Brooklyn Green project in Baltimore, Maryland 
  
I attended the New Gravity Conference in Philadelphia earlier this month, and it was an energizing experience. The conference, which focused on the impact climate change will have on affordable housing, provided a chance to reflect on the importance and pressing relevance of sustainability in our affordable housing work. 
  
Sustainability is particularly important in affordable housing because of the stability that is created by building healthy, safe, and accessible places to live. And sustainability helps improve resilience to the volatility of climate change and increases in utility costs. It also enables our cities to preserve access to affordable and equitable housing that doesn’t displace people or disrupt communities. 
  
Regardless of the size or scope of the project, we incorporate sustainable building strategies throughout all of our projects and track energy performance as part of our AIA 2030 Commitment. These strategies help reduce energy and water use and make healthy homes with good air quality. Using principles from the Passive House building standards, we are constantly looking at ways to construct our buildings with better/tighter envelopes that require less energy to provide comfortable and healthy environments. Simple revisions to construction details can tighten up the building envelope considerably and improve the overall building performance without adding cost to the project. For example, making sure that the insulation is installed properly and that all floor and wall assemblies are properly draft-stopped and sealed create a better-performing and healthier building.  
  
QEA has been putting this approach into practice, and the results are clear. At Restoration Gardens II, a 42-studio unit project that provides housing and services for homeless teenagers and young adults ages 18-24 and was completed in August of 2018, led to a 25% total energy reduction per unit compared to Restoration Gardens I completed eight years prior. This saves the owner, Empire Homes of Maryland, more than $12k annually in utility costs, which they are able to turn directly into programs to support the teenage residents.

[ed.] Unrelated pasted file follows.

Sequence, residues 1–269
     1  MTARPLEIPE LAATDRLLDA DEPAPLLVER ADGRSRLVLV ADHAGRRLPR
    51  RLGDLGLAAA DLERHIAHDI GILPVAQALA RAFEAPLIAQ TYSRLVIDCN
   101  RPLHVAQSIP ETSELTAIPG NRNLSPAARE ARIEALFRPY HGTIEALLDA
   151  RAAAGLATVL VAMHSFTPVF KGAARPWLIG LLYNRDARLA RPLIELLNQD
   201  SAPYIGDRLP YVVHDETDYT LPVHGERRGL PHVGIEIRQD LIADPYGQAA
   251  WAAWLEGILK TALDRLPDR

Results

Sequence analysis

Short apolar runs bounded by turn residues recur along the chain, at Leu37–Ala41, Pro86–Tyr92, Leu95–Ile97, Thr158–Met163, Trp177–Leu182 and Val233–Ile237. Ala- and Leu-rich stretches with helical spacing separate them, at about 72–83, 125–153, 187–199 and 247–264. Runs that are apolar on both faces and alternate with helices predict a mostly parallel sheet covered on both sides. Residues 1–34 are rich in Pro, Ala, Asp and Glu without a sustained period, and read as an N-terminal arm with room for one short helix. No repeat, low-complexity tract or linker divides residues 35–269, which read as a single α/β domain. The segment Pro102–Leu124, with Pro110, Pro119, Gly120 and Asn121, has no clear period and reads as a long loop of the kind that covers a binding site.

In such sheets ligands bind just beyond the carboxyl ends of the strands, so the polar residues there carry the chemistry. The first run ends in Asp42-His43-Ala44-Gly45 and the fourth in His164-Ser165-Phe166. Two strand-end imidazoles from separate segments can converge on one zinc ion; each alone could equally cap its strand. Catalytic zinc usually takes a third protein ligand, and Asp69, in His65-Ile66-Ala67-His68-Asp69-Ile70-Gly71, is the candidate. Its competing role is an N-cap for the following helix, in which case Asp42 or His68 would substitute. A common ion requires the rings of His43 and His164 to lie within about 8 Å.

Restoration Gardens II project in Baltimore, Maryland 
  
Quinn Evans is also proud to have worked with The Community Builders on both the Cityview at McCulloh and Monument East projects in Baltimore to support the client in rehabilitating existing senior apartment buildings to make quality affordable homes that are healthier, more energy-efficient, and resilient. And these energy efficiency efforts are paying off. The renovation of the twin highrise towers at McCulloh resulted in a 42% improvement over pre-construction blower door test results. Monument East, another highrise multi-family project, is scheduled to be completed by the end of January 2020, and is already resulting in a 48.5% improvement in blower door testing with completed units and a 30% overall energy savings thus far. 
  
What more can be done to further improve sustainability in affordable housing? At Quinn Evans, we conduct post-occupancy evaluations to continue to learn from our projects even after they’re built. This helps make sure the building is operating efficiently and that our design meets occupant needs. This process is facilitated by more data from building metering systems long after the building is in service, as well as regular resident surveys. We hope to continue the work and learn from our clients, tenants, and communities to make great and affordable homes.